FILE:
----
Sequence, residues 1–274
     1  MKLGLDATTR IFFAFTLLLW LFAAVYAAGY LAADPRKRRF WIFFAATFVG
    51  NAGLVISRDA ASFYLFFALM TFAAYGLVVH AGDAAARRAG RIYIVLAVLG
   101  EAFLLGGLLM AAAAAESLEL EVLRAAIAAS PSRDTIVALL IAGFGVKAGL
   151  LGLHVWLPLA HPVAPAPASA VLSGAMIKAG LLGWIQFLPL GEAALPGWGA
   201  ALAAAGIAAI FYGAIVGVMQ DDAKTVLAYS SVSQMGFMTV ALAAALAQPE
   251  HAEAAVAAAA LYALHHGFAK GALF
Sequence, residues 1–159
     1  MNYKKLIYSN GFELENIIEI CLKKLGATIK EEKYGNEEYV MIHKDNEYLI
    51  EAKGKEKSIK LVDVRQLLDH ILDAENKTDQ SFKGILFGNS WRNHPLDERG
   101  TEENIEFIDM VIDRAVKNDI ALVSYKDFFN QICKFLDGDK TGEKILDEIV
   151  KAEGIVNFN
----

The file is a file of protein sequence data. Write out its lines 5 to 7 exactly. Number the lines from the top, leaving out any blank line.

   151  LGLHVWLPLA HPVAPAPASA VLSGAMIKAG LLGWIQFLPL GEAALPGWGA
   201  ALAAAGIAAI FYGAIVGVMQ DDAKTVLAYS SVSQMGFMTV ALAAALAQPE
   251  HAEAAVAAAA LYALHHGFAK GALF